Recently I travelled along with my colleagues to visit the Open University of the Netherlands and a group of researchers who were particularly interested in Practice-Based Research and Networked Learning. In the following is just a short wrapup from the trip.
We were very well received by our colleagues there and they had planned a great week for our stay as shown in the table below:
As part of the programme, we collaborated a conference where both research teams could present different parts of their research to a broader audience (mainly masters students at the university and colleagues). I have written briefly about the conference in an earlier post:
At the conference, I had the chance to give a presentation on the “Concepts of transfer and transformation in designing for situated knowledge across contexts”
My presentation was mainly on presenting different views and positions on the concept of transfer and relate those views to my own research. In my presentation, I did partly describe and problematise the concept of transfer and argued that transfer should not be seen as an isolated phenomenon but in correlation to learning and transformation of knowledge situated in contexts
You can see my slides here:
Concepts of transfer and transformation in designing for situated knowledge across contexts from Roland Hachmann
As part of the workshop, questions arose on the concept of participation and how we actually are able to identify which contexts participants bring into and across social constructions. How are we able to know, which prior experiences and knowledge, participant bring into a situation and how actions are related to them. These kinds of questions are important for my study and I will need to engage further with these perspectives.
Another hot topic at the conference was on the notion of quality in empirical research and who should actually conduct this kind of research. On one hand, it was argued that universities were perfectly able since research is not dependent on a specific practice or limited to specific contexts, and on the other hand it was argued that research should indeed take into consideration and recognise practice as complex and research as an entangled part of this complexity, which could not be neutral. Again a topic that will be both important and interesting for me to elaborate on. Right now there is a similar discussion on, whether research conducted by professionals at Departments of Applied Science (At University Colleges) do a special kind of research that differs from Universities hence the strong commitment and involvement in practice. At this point, I’m not sure where I stand. I will be back on this topic in another post
Workshop: Methodology and instruments for practice & participatory-based research
As another activity, I, together with my Ph.d.-fellow Lea and dutch colleague Arnoud, planned a workshop on a topic that we think as highly influencing Participatory research or in my case, Design-Based Research.
The main focus of the workshop was on locating benefits and challenges on engaging into studies from a participatory or design-based perspective. We wanted to have a focus on which qualities others saw in Participatory- or Design-Based Research and especially on shifting positions of the participants in a research design.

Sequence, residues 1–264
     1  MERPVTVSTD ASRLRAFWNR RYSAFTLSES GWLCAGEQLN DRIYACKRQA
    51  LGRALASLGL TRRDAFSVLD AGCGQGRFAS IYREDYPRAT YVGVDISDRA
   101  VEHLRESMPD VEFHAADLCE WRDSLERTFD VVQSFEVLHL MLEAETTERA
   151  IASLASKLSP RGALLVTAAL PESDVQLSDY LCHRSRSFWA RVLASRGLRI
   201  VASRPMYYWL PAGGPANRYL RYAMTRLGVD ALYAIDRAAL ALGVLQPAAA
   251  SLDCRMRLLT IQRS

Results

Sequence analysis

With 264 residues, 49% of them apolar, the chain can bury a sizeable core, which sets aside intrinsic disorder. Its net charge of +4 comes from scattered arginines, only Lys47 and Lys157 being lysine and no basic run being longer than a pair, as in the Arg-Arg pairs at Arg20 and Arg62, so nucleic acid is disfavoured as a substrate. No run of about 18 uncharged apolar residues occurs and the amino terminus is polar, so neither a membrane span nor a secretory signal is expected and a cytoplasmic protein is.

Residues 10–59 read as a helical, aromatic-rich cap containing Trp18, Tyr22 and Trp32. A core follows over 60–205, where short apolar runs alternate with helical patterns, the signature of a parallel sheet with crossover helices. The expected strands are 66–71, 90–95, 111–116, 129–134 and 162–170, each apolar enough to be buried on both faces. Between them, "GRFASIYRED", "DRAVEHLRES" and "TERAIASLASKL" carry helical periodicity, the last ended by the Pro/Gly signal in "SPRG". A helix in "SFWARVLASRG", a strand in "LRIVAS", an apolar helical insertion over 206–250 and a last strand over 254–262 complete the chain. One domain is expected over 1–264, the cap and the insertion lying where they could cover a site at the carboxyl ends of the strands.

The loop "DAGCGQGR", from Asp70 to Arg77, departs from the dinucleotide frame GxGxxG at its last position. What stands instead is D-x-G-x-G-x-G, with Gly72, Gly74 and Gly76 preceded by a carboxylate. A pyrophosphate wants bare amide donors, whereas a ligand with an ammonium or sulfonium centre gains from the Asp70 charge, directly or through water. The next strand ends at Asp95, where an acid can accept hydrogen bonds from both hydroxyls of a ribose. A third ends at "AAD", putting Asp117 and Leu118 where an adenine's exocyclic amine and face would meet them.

In short, literature on Design-Based Research often addresses perspectives on roles of the researcher as well as the co-designers/practitioners, but the focus being on skills needed, e.g. being an expert in the field, rather than on the phenomena of changing positions in the phases and contexts of research. As researchers, we find this insufficient and lacking understanding the social construct of empirical research.
To facilitate the discussion we divided the two teams into three groups discussing the following:
After discussing the input from the three groups we presented two examples (dilemmas) to illustrate how positions, shift in actual practice, we (Lea and I) drew upon two empirical studies from our own research conducted in the context of Teacher education programme. The first example shows how the professional background of the researcher influences the participants’ positioning of the researcher. The second example shows how the position of the researcher is questioned by the co-designer while developing a practice with and through the design. Both examples provide cases where the position of the researcher is not fixed, and thereby not limited to being the expert, nor does it take a neutral or invisible stance in the setting.
The two examples are shown below:
Special issue to come:
To repeat and summarise all points of discussions would be too much in this post, but as a result of the trip, we agreed to collaborate further on a special issue where we will present, discuss and reflect upon the various topics from our week. Lea and I are, in collaboration with Charlotte Wolff writing on an article the focuses on shifting positions as a phenomenon and we are looking forward to publishing it next year. For now, we are still in the investigation phase, but since publishing articles undergo a long process the actual writing process will soon begin.
More to come on the account as well.
Below you can see the two research teams from Denmark and The Netherlands:
Nina Bonderup Dohn
Jens Jørgen Hansen
Stig Børsen Hansen
Lea Tilde Rosenlund
Maarten de Laat